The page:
Multi-shell repo prompt
Under bash, when in a dirty git repo:
Under zsh, when in a clean hg repo:
It's been written to make it easy to tweak the colours and the characters used, so you can get it setup to display how you want without having to dirty your hands with too much of that filthy shell code that's like … so from the 1970's. The aim when tweaking this was to (as far as possible) have one block of code that could be dropped into a bash or zsh initialisation file and "just work".
I frequently switch between bash and zsh, and like my prompts to contain the same functionality - only differing in a couple of respects (it's nice if the prompt provides some visual indication of what shell you're under). To this end the default colours are slightly different, and outside of a repo the prompt character differs between bash and zsh - under bash it's '$', under zsh it's '%'. Trivially easy to change this to something you're happier with.
As well as the usual stuff you might like in your prompt, it displays which part of your current working directory is tracked in version control. At the end of the prompt it displays the name of the branch you are currently on, as well as the status of the repo - how many files you have modified or untracked or wha'eva.
This is entirely based on Steve Losh's excellent work, both his "extravagant zsh prompt" (note his zsh prompt is more sophisticated than this one detailed here) - and hg-prompt as well (which this is dependent upon).
The infinitely talented Andrew Hayward(@arhayward) wrote most of the code, I just fixed a few bugs (doubtlessly introducing a few of my own) and made it work in zsh as well as bash (I've tried to use as much shell-agnostic code as possible - although there's probably quite a bit of it that is non POSIX-compliant - would be nice to see it forked and working in other shells as well!)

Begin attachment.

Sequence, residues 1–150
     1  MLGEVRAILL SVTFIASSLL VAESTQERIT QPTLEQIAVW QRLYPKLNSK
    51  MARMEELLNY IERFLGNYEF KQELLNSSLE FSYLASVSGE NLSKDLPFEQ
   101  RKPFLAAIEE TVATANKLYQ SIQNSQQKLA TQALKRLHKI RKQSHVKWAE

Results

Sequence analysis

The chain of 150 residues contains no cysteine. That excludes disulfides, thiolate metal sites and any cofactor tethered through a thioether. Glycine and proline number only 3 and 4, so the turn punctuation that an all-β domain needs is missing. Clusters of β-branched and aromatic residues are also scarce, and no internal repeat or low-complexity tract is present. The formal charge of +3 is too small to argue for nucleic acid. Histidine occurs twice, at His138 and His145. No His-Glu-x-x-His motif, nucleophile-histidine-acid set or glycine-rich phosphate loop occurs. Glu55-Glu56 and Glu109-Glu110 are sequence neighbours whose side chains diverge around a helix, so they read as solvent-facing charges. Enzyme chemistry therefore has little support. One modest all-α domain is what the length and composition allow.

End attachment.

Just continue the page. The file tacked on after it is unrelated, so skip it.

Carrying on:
You'll need to install hg-prompt.
All you need is the file
prompt.sh from this repo (which you get by cloning or forking the repo or simply downloading the file directly - cloning lets you pull newest versions, though). Then import it from within your
~/.zshrc or wha'eva:
[… usual stuff contained in .bash_profile or .zshrc or wha'eva …] . ~/Dropbox/home/prompt.sh [… usual stuff contained in .bash_profile or .zshrc or wha'eva …]
Note that you should remove any pre-existing lines in those rc files that start with
export PS1=(in bash) or
PROMPT=(in zsh). For zsh, it is advisable, to also include the line
setopt PROMPT_SUBSTbefore you import
Note that I (Jude) keep
prompt.shin Dropbox - not necessary to get this working (obviously), but I like to keep all my user shell intialisation files (
.hgrcetc etc etc) in Dropbox - then symlink to them (I like the same prompt and history and shell behaviour on all my machines). It aids in the setup of new machines, and helps if they get stolen (which mine do).
If you like this idea, but don't know how to create a symlink, then RTFM^H^H^H^H have a look at this example …
$ cd $ mv .bash_history ~/Dropbox/home/ # move your bash_history to dropbox $ ln -s ~/Dropbox/home/.bash_history .bash_history # create a symlink to your .bash_history
Andrew Hayward & Jude Robinson (dotcode at gmail dot com @dotcode)